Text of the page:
Simply described, brain drain is when a country’s vast majority of educated professionals leave to move to one of the more developed countries for better opportunities. These “better” opportunities can be anything from more academic freedom, high-class research facilities, world class educational institutions or very simply a better quality of life.
According to OECD – UNDESA report published in Oct 2013, 41% of Mauritius highly educated people are currently living abroad in one of the developed countries. Mauritian students are increasingly leaving the country for further studies. Most of these students enroll at overseas institutions in the UK, Australia, Europe (in particular France) and India. It is also a major victim of the brain drain towards America. This trend is already leading to labor shortages in several sectors; in particular health, education and ICT (Information and Communication Technology).
Ever since independence in 1968, Mauritius achieved what many African nations were not fortunate enough to accomplish: the transformation from a low developed, poverty stricken island in the 1970s to an expanding economy and financial as well as technological hub for the region. However these transformational years have also seen a lot of good talent move out in search of better pastures.
Like any developing country, lack of infrastructure, job security, big gaps in health, education, environment and public management, high unemployment rate, and limited growth opportunities plague Mauritius.
Wide range of advancement opportunities in academic and research sectors, higher salaries, a better environment, cleaner air/water and a good basic living standard are some of the top reasons that young Mauritians have sought to leave the country. Mauritius has one of Africa's best education systems and highest living standards. While Mauritians are relatively well educated and the Mauritian education is recognized as having Western standards, salaries in Mauritius are too low to compete with Europe and North America.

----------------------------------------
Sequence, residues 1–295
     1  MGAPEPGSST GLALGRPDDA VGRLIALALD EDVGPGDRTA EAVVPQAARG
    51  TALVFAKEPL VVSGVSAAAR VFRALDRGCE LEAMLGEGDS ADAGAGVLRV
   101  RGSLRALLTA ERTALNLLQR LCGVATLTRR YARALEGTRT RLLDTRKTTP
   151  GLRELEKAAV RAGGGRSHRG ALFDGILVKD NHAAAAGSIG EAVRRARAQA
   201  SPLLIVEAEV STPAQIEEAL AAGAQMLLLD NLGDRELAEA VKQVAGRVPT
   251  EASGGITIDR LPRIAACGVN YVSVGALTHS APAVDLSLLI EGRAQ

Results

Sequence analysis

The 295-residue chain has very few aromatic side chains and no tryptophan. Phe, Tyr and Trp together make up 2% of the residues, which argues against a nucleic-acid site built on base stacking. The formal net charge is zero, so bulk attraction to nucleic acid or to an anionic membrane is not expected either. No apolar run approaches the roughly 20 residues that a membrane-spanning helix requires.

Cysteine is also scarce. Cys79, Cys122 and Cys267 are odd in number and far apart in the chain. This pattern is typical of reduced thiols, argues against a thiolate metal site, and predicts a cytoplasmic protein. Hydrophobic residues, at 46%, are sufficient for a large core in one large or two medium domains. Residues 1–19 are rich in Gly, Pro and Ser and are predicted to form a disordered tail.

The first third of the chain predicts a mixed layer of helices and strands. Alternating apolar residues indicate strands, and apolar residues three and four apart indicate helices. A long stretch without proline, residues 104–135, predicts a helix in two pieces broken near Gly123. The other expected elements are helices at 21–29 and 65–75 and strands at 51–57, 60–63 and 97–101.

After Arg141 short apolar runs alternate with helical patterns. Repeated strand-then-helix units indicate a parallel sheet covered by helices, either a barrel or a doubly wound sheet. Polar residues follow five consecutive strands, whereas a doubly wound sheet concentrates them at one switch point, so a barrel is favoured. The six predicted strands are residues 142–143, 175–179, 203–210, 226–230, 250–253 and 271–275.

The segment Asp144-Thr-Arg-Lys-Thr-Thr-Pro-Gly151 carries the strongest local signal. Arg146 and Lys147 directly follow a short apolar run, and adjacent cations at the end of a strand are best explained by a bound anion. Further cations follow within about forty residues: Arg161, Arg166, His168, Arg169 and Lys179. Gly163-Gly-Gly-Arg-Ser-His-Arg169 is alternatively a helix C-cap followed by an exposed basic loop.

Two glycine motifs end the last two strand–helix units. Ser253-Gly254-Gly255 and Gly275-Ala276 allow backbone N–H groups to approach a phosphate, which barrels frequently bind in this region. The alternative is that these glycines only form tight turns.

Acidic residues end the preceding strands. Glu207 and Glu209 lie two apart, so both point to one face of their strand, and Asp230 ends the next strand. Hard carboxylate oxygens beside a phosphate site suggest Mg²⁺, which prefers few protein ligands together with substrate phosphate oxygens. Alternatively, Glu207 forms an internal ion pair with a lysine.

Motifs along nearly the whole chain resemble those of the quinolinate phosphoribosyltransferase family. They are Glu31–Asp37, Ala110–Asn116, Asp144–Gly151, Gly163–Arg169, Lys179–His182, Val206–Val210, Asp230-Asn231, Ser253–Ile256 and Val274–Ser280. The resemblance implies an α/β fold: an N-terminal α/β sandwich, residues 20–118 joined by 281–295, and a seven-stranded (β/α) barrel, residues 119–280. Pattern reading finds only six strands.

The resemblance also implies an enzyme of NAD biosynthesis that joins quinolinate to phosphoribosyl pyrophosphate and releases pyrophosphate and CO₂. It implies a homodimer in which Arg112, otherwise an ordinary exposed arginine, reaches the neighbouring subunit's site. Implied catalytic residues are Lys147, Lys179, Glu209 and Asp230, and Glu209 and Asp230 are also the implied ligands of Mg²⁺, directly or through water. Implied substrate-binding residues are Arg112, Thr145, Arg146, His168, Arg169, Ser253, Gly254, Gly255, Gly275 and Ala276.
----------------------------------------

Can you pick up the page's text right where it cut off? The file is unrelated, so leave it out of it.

Educated Mauritians seldom experience problems achieving legal work abroad. Mauritius produces healthcare workers that easily fit into the demands of Europe’s rapidly growing health sector due to Europe’s age structure. The practical training given in Mauritius is quite advanced and Mauritians have the advantage of speaking French and English - a great asset on the European labor market. The salary offered in Europe for such skills are tenfold in comparison with those offered in Mauritius.
As the world becomes more connected, there is a lot of competition to get the right kind of talent from across the borders if need be. International competition for recruiting the best and the brightest is growing, and creating further opportunities for Mauritius’s mobile young professionals.
Tackling brain drain:
Several countries world over have been struggling with the brain drain phenomena. Ironically, whilst Mauritius...